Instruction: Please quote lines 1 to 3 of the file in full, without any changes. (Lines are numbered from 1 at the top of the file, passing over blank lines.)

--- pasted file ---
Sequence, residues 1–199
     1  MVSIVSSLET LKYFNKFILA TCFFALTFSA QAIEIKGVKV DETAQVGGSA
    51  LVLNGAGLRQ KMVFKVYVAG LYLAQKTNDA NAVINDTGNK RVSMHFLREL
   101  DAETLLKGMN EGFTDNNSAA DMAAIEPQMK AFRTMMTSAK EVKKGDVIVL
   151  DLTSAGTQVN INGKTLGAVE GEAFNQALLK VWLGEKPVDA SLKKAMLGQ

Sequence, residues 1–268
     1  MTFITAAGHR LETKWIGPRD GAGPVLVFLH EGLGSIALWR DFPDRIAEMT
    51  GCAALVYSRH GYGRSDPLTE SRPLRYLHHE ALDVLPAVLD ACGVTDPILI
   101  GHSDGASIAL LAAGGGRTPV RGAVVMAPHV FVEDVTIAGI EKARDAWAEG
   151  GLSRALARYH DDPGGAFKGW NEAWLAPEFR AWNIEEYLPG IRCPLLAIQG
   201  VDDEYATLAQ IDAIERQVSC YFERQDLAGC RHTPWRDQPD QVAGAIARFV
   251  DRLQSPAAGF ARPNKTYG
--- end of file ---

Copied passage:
Sequence, residues 1–199
     1  MVSIVSSLET LKYFNKFILA TCFFALTFSA QAIEIKGVKV DETAQVGGSA
    51  LVLNGAGLRQ KMVFKVYVAG LYLAQKTNDA NAVINDTGNK RVSMHFLREL